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Growing Your Vegetables Inside And Outside

Author : Mark Bartley

Vegetables are often sown indoors, but once your seedlings are at the stage where they can be moved outside, how do you best move them to their new location?

Getting started growing vegetables is quite simple. Having access to a greenhouse opens up all kinds of opportunities for vegetable growers. They will be protected from adverse weather during their most delicate stage, as well as being out of harms way from pests like slugs. Use a good seed compost to fill your trays, as this will have all the nutrients that a seedling needs to develop strong roots and a healthy primary stem. At this stage, there is no need to skimp on how many seeds you sow, as another advantage of starting seeds off in the greenhouse is that it gives you an opportunity to weed out the weaker plants and only select strong, healthy plants to transplant later.

Once you have at least three sets of leaves on the seedling, it will be time to transplant it into its main growing bed. Don't transplant seedlings that only have their first 'seed leaves' as they are still too vulnerable to pest attack and weather extremes, so let your seedlings grow into reasonably strong plants before moving them outside. Discard weaker plants at this stage (you will probably have far too many plants anyway) and only pick the strongest, healthiest seedlings.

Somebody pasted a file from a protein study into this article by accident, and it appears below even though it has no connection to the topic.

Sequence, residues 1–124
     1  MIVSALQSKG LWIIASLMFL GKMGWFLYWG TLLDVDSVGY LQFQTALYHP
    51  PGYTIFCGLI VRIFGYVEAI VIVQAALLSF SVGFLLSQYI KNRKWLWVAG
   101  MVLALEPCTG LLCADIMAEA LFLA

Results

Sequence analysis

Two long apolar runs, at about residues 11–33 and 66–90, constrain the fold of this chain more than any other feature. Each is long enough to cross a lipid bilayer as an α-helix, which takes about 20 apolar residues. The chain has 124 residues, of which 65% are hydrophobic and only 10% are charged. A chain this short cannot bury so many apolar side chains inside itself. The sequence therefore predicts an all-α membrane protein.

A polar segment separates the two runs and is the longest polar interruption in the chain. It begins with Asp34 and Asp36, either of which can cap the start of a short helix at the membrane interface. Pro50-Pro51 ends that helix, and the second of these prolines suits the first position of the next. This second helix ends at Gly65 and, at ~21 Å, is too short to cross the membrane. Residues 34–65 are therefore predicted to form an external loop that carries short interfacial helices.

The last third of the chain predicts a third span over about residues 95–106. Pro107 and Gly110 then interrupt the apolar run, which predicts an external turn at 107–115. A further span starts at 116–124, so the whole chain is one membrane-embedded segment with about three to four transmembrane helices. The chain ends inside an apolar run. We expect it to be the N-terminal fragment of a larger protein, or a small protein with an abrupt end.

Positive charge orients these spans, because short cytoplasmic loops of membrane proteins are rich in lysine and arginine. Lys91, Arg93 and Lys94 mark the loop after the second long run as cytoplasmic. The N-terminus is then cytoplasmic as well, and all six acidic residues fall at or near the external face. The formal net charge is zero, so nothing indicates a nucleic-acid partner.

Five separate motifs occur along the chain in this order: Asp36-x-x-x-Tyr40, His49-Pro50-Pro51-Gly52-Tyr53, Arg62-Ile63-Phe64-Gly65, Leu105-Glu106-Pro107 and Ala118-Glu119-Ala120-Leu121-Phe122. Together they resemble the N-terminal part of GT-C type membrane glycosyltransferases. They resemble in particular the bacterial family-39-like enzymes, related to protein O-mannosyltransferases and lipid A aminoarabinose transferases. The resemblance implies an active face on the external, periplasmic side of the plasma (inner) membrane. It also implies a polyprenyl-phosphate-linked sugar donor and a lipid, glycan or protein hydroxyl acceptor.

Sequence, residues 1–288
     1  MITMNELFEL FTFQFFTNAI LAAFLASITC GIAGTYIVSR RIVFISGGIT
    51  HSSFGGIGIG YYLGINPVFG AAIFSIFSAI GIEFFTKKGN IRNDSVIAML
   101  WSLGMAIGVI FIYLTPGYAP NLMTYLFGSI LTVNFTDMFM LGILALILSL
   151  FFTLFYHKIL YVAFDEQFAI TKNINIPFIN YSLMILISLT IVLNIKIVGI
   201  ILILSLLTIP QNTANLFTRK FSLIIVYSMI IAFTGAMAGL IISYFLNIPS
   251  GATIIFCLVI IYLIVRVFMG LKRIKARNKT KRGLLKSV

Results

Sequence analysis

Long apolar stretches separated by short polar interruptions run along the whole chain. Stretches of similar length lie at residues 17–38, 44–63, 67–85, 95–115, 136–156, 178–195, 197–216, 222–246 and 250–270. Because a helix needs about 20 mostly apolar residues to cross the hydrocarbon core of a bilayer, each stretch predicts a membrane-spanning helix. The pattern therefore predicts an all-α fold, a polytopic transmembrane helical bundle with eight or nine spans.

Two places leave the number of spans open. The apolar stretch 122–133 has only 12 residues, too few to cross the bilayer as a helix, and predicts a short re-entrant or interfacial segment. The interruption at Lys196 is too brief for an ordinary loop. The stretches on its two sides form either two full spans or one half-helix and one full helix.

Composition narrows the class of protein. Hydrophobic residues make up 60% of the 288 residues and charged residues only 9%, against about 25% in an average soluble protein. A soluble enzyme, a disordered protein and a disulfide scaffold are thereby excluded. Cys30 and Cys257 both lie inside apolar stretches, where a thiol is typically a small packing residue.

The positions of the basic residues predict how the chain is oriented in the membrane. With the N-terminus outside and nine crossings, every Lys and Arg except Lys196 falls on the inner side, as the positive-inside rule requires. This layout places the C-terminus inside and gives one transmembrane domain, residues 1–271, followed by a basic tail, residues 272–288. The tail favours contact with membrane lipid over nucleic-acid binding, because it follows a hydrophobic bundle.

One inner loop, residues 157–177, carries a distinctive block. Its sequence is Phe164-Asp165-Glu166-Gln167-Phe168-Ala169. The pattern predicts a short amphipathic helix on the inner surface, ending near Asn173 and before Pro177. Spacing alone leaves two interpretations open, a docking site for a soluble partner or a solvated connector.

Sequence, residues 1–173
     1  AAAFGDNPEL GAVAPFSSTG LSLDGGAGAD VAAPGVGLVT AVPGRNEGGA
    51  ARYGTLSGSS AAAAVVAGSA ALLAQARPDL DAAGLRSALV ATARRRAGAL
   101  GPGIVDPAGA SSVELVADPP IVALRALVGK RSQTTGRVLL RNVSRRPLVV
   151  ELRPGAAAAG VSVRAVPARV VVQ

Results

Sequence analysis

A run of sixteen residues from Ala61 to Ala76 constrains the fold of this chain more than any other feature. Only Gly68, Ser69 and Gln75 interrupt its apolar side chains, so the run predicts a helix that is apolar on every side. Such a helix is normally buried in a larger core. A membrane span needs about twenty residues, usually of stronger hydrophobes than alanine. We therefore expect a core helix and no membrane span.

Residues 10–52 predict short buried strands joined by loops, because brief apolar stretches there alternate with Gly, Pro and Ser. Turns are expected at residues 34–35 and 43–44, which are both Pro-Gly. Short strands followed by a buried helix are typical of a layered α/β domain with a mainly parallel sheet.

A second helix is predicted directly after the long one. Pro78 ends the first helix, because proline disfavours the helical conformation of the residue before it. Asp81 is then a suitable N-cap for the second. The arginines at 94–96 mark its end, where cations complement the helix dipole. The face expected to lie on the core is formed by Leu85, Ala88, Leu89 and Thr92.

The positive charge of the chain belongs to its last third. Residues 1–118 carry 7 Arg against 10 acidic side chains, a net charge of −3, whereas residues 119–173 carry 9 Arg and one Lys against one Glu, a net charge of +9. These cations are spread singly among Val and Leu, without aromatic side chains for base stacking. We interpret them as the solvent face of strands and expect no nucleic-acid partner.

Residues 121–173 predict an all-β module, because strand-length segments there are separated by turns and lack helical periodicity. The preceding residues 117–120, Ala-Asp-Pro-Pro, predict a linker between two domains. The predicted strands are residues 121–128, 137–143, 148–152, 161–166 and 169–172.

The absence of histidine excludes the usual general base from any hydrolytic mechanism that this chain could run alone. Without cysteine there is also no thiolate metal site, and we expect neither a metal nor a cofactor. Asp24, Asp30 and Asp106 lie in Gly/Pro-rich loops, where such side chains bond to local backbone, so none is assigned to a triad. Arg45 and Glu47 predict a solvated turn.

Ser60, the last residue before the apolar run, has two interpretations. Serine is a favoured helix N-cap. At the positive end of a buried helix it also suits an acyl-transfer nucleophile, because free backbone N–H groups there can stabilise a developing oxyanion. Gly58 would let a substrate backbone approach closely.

Preparation is everything when it comes to moving your plants.. Give your transplanted vegetables an easy transition by making sure that the bed you're transplanting into is fully ready to accept the new plants. Make sure the ground is weed-free, no need to added unwanted compeition for resources and that the soil is as good as you can make it, not too wet or too dry. It is best to water both the seedlings and the bed before transplanting.

Pick a day that isn't too hot or too cold, and try not to transplant if there is a forecast for heavy rain within the next 24 hours, the freshly moved plants will not be best placed to sustain a battering early on. Work out the suggested plant spacings before you start and mark out the beds (learning how to grow vegetables can require a few sums!) But don't worry too much; if you think that your plants look too close together you can always re-space them later.

Some plants don't take well to being moved. While vegetables such as cabbages, cauliflowers and other types of brassica are ideally suited for transplanting, the technique doesn't work well with root crops such as carrots or parsnips. These vegetables should be sown straight into the ground, as transplanting them often leads to disfigurements. The reason for this behaviour is that the growing tip rarely remains straight during transplanting meaning you could end up with curly carrots or peculiar parsnips, so plant root crops straight into outdoor beds.

Transplanting is , but if you are to cultivate a varied and healthy vegetable crop, you will have to use this method of growing on seedlings raised in a greenhouse at some stage. One aspect where problems arise is when plants are moved into position at the wrong depth. If you plant them too deep the plant will rot at the neck. If they don;t go in deep enough then they can remain unstable and new growth can push them further out of the ground.

Author's Resource Box

Mark has the experience of growing vegetables for many years. He has produced many guides and articles on different types of gardening.

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Tags:   gardening, gardens, vegetables

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Submitted : 2010-10-28    Word Count : 663    Times Viewed: 573